Future C components will be considered on a case-by-case basis. Interoperability with C is important but difficult to achieve both simply and portably. Some considerations are listed in [c-interop].

LAPACK strives to accomodate both users who want control over memory allocation as well as users who want automatic workspace allocation. We have decided not to use dynamic allocation within LAPACK computational routines. Instead, we will provide a programmatic mechanism to query routines and determine necessary workspace, see [workspace]. Concerns about memory usage and performance also drive decisions on language features in [fortran] .

Our design should enable writing user-friendlier wrappers in other high-level languages (including full-featured F95), but the design of these wrappers is not the subject of this document.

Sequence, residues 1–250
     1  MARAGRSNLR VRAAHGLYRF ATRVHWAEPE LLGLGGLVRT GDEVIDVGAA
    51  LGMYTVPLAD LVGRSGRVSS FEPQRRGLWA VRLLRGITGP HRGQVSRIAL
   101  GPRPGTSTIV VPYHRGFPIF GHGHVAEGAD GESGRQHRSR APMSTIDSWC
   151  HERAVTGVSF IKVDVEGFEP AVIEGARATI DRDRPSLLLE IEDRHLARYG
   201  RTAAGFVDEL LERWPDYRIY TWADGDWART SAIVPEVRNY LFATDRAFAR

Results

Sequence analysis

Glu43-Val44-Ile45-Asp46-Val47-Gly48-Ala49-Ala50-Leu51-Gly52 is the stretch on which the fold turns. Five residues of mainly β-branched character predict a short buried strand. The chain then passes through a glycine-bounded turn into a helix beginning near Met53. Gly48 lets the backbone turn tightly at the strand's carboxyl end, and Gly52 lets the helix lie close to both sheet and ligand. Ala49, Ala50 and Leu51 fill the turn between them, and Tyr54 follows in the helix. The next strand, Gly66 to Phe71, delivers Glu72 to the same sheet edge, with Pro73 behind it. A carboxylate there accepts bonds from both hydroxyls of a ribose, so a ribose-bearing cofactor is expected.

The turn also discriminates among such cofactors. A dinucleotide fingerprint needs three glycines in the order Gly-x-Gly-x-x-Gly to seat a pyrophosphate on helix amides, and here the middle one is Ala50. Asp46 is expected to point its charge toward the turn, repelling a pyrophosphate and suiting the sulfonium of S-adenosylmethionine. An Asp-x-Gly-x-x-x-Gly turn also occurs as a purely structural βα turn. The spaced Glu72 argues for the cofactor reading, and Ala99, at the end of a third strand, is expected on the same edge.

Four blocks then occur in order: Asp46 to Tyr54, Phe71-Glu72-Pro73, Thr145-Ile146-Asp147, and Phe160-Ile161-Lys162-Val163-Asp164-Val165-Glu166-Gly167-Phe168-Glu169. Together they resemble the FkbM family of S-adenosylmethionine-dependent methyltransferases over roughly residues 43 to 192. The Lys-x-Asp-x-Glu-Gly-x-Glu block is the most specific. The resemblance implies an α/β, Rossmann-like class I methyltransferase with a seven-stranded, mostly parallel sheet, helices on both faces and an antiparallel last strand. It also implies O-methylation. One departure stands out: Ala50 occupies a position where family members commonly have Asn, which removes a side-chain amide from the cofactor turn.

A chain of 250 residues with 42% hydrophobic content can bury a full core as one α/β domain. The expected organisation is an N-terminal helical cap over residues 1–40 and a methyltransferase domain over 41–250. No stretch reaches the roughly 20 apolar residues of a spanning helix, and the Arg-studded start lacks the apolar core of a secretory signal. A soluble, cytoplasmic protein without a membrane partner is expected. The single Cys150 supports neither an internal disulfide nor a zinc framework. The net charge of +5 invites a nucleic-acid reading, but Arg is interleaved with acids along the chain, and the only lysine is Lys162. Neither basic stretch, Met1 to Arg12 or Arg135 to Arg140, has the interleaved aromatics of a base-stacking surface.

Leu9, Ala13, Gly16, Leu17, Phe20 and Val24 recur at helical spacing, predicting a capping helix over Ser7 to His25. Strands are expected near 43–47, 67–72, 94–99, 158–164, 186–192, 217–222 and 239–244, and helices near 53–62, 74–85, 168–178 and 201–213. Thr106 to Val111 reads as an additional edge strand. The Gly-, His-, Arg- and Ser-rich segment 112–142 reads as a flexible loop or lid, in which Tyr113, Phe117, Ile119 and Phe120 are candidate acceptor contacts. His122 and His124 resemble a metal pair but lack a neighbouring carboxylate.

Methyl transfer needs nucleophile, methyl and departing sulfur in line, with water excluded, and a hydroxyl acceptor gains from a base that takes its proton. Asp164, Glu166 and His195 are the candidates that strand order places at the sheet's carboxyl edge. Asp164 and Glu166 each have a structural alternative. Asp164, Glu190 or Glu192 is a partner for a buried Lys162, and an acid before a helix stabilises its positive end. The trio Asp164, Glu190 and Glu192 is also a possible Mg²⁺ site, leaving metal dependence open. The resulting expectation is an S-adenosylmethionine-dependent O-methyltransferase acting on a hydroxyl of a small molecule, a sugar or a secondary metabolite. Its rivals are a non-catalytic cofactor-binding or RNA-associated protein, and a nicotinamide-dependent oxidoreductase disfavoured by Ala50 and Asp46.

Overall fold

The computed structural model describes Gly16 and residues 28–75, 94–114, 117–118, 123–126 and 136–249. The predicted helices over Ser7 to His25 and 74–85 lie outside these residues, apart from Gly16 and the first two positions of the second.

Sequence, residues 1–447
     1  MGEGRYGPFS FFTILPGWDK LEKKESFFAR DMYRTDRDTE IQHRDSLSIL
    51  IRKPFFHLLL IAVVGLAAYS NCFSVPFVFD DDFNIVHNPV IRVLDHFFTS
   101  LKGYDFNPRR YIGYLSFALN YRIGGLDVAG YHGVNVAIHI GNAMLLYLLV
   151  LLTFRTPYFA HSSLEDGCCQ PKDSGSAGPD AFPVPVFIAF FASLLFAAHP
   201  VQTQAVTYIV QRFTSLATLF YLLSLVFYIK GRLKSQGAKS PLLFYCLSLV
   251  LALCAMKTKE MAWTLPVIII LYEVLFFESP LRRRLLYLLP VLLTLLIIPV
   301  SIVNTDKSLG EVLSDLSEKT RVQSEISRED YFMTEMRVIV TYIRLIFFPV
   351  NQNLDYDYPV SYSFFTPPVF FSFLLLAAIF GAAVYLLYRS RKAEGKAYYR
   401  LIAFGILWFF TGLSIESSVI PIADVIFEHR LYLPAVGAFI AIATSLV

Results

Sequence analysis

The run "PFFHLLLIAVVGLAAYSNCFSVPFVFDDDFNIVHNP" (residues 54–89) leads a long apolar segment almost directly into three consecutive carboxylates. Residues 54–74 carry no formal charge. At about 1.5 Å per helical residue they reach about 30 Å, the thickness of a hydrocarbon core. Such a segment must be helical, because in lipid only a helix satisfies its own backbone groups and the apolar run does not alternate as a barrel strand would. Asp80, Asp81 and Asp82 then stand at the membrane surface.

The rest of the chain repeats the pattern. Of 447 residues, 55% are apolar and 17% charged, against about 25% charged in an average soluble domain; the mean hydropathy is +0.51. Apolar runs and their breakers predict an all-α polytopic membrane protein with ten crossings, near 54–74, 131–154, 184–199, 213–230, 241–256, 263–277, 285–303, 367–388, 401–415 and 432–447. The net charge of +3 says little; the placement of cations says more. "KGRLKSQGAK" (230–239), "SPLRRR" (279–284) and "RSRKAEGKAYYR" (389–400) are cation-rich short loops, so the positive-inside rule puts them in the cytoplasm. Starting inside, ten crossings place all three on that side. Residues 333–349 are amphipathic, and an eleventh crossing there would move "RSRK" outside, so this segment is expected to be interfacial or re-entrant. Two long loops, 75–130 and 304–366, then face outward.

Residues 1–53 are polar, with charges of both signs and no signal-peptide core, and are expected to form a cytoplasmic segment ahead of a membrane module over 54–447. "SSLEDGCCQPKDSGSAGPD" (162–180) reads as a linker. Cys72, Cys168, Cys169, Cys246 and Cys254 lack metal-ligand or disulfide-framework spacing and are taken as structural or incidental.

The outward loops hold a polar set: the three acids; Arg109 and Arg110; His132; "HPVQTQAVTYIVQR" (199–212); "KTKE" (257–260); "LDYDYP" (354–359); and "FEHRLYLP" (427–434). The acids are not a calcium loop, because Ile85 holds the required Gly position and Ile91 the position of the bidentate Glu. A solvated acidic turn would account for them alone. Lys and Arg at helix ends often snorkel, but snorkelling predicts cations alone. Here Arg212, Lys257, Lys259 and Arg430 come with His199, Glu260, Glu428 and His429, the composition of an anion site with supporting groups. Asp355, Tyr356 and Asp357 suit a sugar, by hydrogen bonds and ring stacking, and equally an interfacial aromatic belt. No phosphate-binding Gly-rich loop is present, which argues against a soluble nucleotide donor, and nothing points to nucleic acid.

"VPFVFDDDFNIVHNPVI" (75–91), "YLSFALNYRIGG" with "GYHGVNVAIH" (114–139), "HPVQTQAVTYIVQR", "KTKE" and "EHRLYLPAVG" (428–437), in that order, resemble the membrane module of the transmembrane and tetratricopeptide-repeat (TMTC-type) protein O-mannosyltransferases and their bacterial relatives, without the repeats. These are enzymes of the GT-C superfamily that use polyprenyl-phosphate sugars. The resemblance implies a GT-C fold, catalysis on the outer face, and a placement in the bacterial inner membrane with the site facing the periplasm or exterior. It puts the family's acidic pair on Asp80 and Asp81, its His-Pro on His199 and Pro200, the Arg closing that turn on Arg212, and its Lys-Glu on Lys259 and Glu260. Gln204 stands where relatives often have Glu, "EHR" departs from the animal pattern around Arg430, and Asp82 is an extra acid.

Reproducibility

Reproducing exact results between runs on the same data for debugging or certification is challenging. We must balance common needs for reproducibility against performance gains from randomized algorithms and parallel processing. The trade-offs and design considerations are not completely clear at this point, but we must support reproducible results whenever possible.

To allow users to compute reproducible results whenever a platform allows, the following rules apply to uses of randomization in LAPACK:

  • Use the LAPACK PRNGs (Pseudo-Random Number Generators) like xLARUV and xLARNV. These are portable routines. When given the same seed, they generate the same numbers on all platforms.

  • Testing and timing code must set the seed to a constant in the source.

  • LAPACK library routines also must use a constant seed whenever possible. Constant seeds are not possible if the code’s randomized performance or correctness relies on not having static bad cases. If a routine cannot use a static seed, it must allow users to input a seed value in order to support debugging.

  • The impact of tuning parameters on the numerical results must be documented.

We cannot control the reproducibility of tuned platform BLAS. Users should be able to use the reference BLAS when necessary.